Micro-teaching European integration: a very short project (potentially)

Today is the start of EU Twitter Fight Club, in which I – as the (14) seed (of 23 players) – will endeavour to win deathless fame by being good at said New Social Media. The American organisers of the original #TFC14 finally noticed us last week and we’ve taken their lack of legal action as a blessing on our venture.

Simon needed to work more on his ‘funny GIF’ making technique

My previous take on TFC was that it offered something in the way of developing online community. In the weeks since then, as the build-up has, well, built up, I can still see that, even as I can also see the potential for much unhappiness (especially I get as far as Thursday, only to be knocked out by a hand-puppet with a tasting for gin).

Such sniping aside [you can beat the hand-puppet, Simon, you can], there’s another aspect that has emerged, which I’m keen to pursue, certainly as long as I’m in the competition.

Twitter is rubbish for many things, as my students will know, but it is great at brevity. So why not try to use that? As a colleague noted to me some time ago, keeping it short means you have to focus on what’s important, rather than on the academic dressing-up thatgoes around it.

TFC doesn’t seem to have many rules, except not being a twerp, and I know well enough that my humour isn’t going to swing matters, so I’m going to pay the ‘being useful’ line, not least since it’s served me well enough so far in my time on Twitter.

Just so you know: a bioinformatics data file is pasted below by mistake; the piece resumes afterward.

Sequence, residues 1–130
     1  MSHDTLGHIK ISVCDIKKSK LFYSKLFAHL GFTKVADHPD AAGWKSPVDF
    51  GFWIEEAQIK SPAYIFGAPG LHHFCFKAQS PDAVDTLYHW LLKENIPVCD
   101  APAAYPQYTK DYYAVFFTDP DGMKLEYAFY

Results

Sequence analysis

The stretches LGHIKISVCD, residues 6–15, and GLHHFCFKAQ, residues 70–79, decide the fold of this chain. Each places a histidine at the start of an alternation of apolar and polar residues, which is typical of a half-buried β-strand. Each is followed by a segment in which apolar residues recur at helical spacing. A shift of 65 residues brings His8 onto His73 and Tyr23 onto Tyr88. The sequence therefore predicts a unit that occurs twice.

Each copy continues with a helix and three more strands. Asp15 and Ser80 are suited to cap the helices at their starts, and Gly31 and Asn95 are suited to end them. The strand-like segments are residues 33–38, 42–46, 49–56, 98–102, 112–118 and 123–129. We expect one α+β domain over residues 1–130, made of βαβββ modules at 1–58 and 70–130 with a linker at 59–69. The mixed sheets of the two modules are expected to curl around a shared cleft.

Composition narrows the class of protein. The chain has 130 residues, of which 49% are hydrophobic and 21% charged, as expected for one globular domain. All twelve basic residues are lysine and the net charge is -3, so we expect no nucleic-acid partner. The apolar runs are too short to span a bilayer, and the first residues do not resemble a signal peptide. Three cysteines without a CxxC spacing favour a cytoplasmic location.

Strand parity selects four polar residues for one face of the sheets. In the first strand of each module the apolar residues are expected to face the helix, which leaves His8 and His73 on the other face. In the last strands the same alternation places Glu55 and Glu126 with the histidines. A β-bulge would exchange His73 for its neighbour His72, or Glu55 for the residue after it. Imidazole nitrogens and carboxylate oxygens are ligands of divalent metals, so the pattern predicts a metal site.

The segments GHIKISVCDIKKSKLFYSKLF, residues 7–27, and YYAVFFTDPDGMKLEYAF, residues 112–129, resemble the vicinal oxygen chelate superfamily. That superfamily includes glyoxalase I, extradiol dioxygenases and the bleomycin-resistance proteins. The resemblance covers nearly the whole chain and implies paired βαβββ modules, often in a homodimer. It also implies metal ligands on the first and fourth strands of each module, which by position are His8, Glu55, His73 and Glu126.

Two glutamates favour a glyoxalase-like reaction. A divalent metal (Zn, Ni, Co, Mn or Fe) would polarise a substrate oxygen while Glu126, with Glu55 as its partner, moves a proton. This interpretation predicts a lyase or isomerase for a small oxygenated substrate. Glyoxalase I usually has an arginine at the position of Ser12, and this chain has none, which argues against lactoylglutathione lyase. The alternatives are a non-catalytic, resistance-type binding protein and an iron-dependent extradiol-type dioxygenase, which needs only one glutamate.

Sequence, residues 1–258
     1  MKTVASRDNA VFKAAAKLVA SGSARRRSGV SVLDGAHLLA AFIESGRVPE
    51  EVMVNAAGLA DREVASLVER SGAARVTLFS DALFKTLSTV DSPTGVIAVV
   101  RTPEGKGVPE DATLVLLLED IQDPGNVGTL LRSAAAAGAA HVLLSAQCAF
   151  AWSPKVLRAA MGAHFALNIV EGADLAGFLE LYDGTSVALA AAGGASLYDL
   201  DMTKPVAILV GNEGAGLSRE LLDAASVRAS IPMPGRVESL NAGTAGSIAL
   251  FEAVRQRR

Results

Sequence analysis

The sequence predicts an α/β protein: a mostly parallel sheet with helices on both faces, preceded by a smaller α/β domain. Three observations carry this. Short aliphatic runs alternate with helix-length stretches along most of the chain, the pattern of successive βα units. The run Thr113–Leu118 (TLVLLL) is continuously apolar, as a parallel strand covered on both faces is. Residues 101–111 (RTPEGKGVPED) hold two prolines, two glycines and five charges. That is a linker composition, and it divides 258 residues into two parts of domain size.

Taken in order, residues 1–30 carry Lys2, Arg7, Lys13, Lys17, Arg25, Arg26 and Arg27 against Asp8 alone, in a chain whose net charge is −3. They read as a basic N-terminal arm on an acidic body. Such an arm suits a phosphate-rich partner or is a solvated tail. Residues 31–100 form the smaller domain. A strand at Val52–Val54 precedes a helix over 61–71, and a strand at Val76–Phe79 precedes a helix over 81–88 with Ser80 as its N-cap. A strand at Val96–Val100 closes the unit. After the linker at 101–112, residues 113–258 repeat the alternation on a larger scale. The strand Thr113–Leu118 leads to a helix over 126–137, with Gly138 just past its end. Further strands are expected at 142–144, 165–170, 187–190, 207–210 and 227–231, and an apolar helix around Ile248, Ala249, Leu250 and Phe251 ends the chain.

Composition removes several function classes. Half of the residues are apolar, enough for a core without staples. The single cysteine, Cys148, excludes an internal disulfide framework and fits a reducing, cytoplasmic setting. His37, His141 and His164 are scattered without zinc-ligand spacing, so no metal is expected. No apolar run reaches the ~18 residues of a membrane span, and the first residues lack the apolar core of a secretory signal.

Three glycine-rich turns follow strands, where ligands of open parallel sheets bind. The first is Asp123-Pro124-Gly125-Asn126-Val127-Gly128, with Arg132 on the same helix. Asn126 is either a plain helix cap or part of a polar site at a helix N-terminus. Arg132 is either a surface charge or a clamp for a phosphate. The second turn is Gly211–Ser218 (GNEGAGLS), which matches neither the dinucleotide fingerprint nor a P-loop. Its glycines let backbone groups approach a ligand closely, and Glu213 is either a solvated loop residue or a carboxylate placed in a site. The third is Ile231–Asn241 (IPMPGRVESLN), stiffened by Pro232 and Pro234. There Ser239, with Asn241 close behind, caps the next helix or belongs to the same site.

Given the pan-European nature of the competitors and the coming European elections, it’s also a good time to think about how to communicate public education messages on the European Union.

So my plan is this: to create brief, useful tweets about the EU, to help other users and (possibly) impress the judges/voters*. That might be key ideas in writing, or producing other media to clarify points. But whatever it is, keeping it brief.

I have no idea if it’ll come to anything, but if I can get through the first round then I’m prepared to apply some ex-post rationalisation to say this was important, and I’ll keep exploring. In the highly-unlikely event I can get to next week’s final rounds, then I’ll have to come up with more specific ideas for what these things might be, but we/I can cross that bridge when we/I get to it.

Doubtless, I’ll be back before too long with an update on this.

* – voting. Yes, very important. Because we Europeans care about democracy so much, the decision-making system for TFC is a bit involved. Judges make a choice between pairs of competitors, but the general public (including you) get to vote on it too, with your decision getting equal weight to the judges’. So if you want more posts about this, then remember to vote for me (somewhere here). And if I win the whole thing, then I’d have to retire from the competition and you’ll never about it again. Win-win, perhaps?

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